Isle Of Second Chances – Episode 02

In the warm kitchen of the Big House, Annie squirmed restlessly beneath the rug which covered her legs in the old armchair.

“Bide still,” Sandy growled. “What’s the point of tucking you in if you keep throwing off the blanket?”

“I’m not an invalid, Sandy Brown,” she protested.

“Donnie and I say you are, so you’re outvoted. Do what you’re told.”

“No!” Defiant despite her weakness, she threw off the rug.

Sandy sighed from the very soles of his tough crofter’s boots. He had watched wildness turn into care and involvement when Annie first came to the island as a young bride. The perfect doctor’s wife.

He had seen the steel core of her appear when she lost the love of her life and became the doctor’s widow.

That was many years ago, before he himself had become a widower. They had shared their grief, drawn together by their loss, and from there had come solid friendship.

“OK,” Annie conceded. “But I am almost better!”

“That you’re not.”

“I’m nervous,” Annie said. “What will she make of me?”

Sandy smiled, softening the craggy lines of his weatherbeaten face.

“She’ll see a thrawn old wifie who’ll take a telling from no-one. Then she’ll turn and catch the first ferry home.”

“That’s what I’m scared of,” she admitted. “I don’t even know the girl.”

He shrugged.

“If she turns away as easy as that then she isn’t worthy of you. She’s not what you need or want.”

“I don’t know what I want.”

“That’s the weakness in you talking,” he replied. “You want someone who can share the burden of the centre with you. Who can take away the worries that are making you ill . . . and will kill you, if you don’t get rid of them.”

Annie caught his hand.

“What I want is a magic wand, Sandy.”

He covered the still-feverish hand with his own callused ones.

“A magic wand? Don’t hold your breath, lassie. They don’t make many of these outside of fairy tales.”

*  *  *  *

The tall islander was standing on the pier, waiting for the gangway to be roped tight against the ferry’s rails and for the solitary passenger to descend.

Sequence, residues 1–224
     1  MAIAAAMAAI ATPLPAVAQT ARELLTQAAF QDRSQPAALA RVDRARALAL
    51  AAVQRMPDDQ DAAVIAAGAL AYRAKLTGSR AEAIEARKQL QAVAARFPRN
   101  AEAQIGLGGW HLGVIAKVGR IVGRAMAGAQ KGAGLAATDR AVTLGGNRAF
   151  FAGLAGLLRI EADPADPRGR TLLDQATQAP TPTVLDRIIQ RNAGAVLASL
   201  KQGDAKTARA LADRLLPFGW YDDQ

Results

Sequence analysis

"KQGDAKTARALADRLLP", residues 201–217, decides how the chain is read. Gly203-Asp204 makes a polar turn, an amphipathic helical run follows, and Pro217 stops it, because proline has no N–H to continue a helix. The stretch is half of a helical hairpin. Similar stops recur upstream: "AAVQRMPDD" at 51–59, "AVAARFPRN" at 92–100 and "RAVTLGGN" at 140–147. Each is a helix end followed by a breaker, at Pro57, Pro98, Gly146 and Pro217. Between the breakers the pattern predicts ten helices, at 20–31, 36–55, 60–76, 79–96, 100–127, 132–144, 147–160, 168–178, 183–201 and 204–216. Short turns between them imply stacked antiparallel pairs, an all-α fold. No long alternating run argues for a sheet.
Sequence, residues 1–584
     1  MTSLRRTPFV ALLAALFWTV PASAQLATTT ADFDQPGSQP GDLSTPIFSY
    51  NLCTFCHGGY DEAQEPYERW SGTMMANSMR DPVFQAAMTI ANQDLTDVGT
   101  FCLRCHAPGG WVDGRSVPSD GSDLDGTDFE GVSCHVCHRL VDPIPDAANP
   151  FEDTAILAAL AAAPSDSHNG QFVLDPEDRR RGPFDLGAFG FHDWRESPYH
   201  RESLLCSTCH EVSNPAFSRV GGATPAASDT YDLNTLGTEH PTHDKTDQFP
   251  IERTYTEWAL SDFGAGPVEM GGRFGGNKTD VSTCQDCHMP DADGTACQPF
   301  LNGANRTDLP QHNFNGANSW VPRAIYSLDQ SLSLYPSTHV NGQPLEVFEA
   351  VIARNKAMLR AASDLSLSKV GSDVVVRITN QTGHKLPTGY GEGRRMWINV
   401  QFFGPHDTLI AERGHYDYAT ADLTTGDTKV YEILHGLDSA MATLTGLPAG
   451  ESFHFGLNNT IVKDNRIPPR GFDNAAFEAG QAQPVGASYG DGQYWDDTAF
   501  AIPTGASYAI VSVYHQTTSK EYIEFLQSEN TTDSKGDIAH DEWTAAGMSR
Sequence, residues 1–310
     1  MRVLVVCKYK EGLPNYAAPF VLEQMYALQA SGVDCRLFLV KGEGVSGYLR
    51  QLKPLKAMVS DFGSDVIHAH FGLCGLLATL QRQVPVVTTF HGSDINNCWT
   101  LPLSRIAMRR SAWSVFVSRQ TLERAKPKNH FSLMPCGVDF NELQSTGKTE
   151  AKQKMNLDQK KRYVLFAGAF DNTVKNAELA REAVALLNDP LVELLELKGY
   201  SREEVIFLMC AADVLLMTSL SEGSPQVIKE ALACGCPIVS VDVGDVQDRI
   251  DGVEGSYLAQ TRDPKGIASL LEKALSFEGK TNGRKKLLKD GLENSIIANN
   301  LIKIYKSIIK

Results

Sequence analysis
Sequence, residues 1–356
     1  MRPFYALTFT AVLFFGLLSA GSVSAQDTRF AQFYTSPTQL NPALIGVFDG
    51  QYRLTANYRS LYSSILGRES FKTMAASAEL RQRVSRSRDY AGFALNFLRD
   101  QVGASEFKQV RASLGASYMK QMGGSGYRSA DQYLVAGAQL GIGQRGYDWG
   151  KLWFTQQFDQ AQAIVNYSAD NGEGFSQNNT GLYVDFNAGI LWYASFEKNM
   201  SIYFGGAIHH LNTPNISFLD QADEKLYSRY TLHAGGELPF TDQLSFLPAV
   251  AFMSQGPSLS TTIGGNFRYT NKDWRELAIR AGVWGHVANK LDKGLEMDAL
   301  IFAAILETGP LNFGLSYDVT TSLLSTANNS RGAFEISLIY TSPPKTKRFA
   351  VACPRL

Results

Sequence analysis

He had already picked her out. A smart business coat, now wet; long dark hair hanging in rat’s tails down a face which could be pretty if it wasn’t so defiant.

“No doubt of it. You have to be Annie’s niece,” he whispered to himself.

*  *  *  *

Nicola looked up the pier and saw the tall man standing, his dark hair ragged and untidy from the wind which gusted round even this sheltered landing.

It was a face which gave little away. Judging her, she decided, knowing she looked a mess. She was suddenly annoyed.

“Nicola Stephenson?” he asked in a Highland accent.

“Yes, and you are?”

She swore his eyes smiled at her brusque tone.

“Donald Macleod. We are all Macleods here, and most of us are called Donald – even the sheep.”

Was he sending her up, Nicola wondered.

“I’ve been sent by your aunt to bring you to the Big House,” he said. “Let me take your case.”

He reached forward, collapsed the handle and lifted it by its carrying strap.

“It’s meant to trail behind,” she protested.

“Not where we’re going.”

Nicola struggled to match his long stride up the pier.

“Where’s your car?”

“No car,” he replied.

She frowned.


“No taxi. There are only three cars on the island – there’s no real road.”

Nicola fought to stop herself from puffing. What good was money spent on a luxury gym if she was getting out of breath as quickly as this?

“So how do we get there?” she asked, already fearing the answer.

“We walk,” he replied, his eyes on the road ahead.


Lucy Crichton

Fiction Editor Lucy is always on the look-out for the very best short stories, poems and pocket novels. As well as sourcing enjoyable content, she enjoys working with our established contributors, encouraging new talent, and celebrating 155 years of 'Friend' fiction!